Position under the law
The current legislation provides for taxation of gains arising out of transfer of the legal ownership of the capital asset in the form of sale, exchange, relinquishment or extinguishment of any rights therein or compulsory acquisition under any law. Section 9 of the Act deems gains arising from transfer of a capital asset situated in India to accrue or arise in India. In a cross-border transfer involving transfer of shares, normally the situs of the capital asset provides the safe guide to decide as to which of the contracting states has the power to tax such income subject to the relevant tax treaty.
As mentioned earlier, the concept of levy of tax on transfer of beneficial ownership in a cross-border transfer is not provided for in the current tax legislation. However, the revenue authorities are of the view that, in a cross-border transaction, the valuation for the transaction includes valuation for the Indian entity as well and, accordingly, the overseas entity has a business connection in India.
The Supreme Court, in R D Aggarwal & Company’s case, which was a case decided in as early as 1965, held that a business connection involves a relation between a business carried on by a non-resident which yields profits or gains and some activity in the taxable territories which contributes directly or indirectly to the earning of those profits or gains. It predicates an element of continuity between the business of the non-resident and the activity in the taxable territories.
Accordingly, the Revenue holds that, in a cross-border transaction, gains arising out of transfer of shares of overseas entity attributable to the operation of the Indian entity should be subject to tax in India, in view of the business connection of the overseas entity with the Indian entity.
The proposed amendment to section 9 of the Act is to give an authority of law to the aforesaid reasoning of the department. Given the re-opening of the past cases, and the retrospective amendment to section 9 of the Act brought by the Finance Act 2007 with effect from 1 June 2007 purportedly to overrule the decision of the Supreme Court in the case of Ishikawajma Harima Heavy Industries, it is likely that the proposed amendment to tax overseas M & A deals could also be retroactive.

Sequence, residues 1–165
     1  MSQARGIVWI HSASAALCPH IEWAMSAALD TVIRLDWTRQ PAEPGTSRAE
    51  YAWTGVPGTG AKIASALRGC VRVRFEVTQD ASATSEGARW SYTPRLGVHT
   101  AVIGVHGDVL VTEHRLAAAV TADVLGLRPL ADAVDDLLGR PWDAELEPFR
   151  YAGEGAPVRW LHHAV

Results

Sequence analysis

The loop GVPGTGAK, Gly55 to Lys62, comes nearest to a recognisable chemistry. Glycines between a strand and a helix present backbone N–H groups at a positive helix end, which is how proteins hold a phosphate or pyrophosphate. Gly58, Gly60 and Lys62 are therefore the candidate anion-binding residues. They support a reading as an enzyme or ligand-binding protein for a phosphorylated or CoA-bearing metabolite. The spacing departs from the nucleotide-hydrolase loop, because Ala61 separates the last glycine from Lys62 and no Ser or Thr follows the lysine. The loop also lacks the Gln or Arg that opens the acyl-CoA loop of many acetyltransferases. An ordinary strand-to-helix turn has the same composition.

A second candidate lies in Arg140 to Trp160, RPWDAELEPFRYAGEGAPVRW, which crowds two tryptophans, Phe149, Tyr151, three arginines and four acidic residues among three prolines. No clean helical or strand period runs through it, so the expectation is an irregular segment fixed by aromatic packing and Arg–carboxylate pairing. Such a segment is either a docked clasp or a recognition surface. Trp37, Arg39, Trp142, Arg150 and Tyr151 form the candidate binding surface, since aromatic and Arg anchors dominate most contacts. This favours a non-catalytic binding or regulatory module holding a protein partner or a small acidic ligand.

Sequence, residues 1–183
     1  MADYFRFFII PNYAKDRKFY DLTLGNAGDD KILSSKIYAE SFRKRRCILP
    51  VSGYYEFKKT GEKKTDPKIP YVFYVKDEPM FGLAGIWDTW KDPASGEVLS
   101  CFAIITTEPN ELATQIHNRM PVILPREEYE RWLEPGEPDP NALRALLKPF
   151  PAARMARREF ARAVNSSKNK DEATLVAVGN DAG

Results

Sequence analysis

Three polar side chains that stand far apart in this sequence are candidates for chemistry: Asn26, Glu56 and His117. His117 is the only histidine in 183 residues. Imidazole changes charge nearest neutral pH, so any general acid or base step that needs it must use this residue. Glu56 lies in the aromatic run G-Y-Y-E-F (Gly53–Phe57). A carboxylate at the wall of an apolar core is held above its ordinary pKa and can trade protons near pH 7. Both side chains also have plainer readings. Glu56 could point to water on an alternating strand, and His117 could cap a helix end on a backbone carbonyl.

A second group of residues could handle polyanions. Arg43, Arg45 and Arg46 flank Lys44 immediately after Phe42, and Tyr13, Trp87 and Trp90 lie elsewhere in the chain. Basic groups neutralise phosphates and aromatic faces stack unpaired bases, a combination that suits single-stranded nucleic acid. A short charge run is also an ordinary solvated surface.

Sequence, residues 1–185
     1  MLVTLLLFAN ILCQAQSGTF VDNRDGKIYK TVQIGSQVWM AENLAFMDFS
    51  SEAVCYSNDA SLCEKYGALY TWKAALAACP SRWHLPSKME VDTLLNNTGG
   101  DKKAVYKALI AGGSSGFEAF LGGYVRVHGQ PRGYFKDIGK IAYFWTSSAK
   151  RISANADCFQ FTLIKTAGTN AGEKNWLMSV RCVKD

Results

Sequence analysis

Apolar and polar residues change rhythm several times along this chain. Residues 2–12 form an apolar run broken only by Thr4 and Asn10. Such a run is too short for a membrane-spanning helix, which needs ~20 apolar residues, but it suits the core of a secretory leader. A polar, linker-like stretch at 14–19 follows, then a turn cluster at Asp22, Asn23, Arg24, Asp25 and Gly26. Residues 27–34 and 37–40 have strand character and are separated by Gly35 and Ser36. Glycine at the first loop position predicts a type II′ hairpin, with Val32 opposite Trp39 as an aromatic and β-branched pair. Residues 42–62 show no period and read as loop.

Impact of the proposed amendment
The proposed amendment, if enacted in the Finance Act 2008, would have a major impact on transfer of shares overseas, especially in case where the seller of the shares is a tax resident of a country like Hong Kong, Cayman Islands or British Virgin Islands, with which India do not have double taxation avoidance agreement. In such cases, the seller would become liable to tax in India under the domestic law. Further, such companies would be required to file return of income in India and fulfil other compliances under the Act.
The amendment would also bring the investors from countries like the US and UK within the tax net in India, since India’s DTAA with such countries provides for taxation of capital gains in accordance with the domestic tax laws of India.
Investors who are tax residents of countries like Mauritius, Singapore, Cyprus, etc., would not be immediately impacted by the amendment, since India’s DTAA with these countries provides for exclusive taxation of capital gains in those resident countries. This is because Section 90 of the Act provides that the provisions of the Act, or the applicable DTAA, whichever is more beneficial, shall apply.
Further, certain DTAAs (for example, Kuwait) provides for taxation of capital gains in the country of which the company issuing the shares is a tax resident. In the case of overseas M & A deals, the company issuing the shares, typically, would not be a tax resident of India. Hence, the beneficial provisions of the DTAA could be availed for non-taxability in India.
Currently, a large chunk of the Foreign Direct Investments into India is coming from favourable offshore jurisdictions. The CBDT has to bear in mind the impact of the proposed amendment on the future flow of FDI into the country. Whether the Finance Minister would be able to perform a balancing act of moderating the capital flows into India, and at the same time take forward the growth trajectory, one has to wait and watch for the Budget on February 29.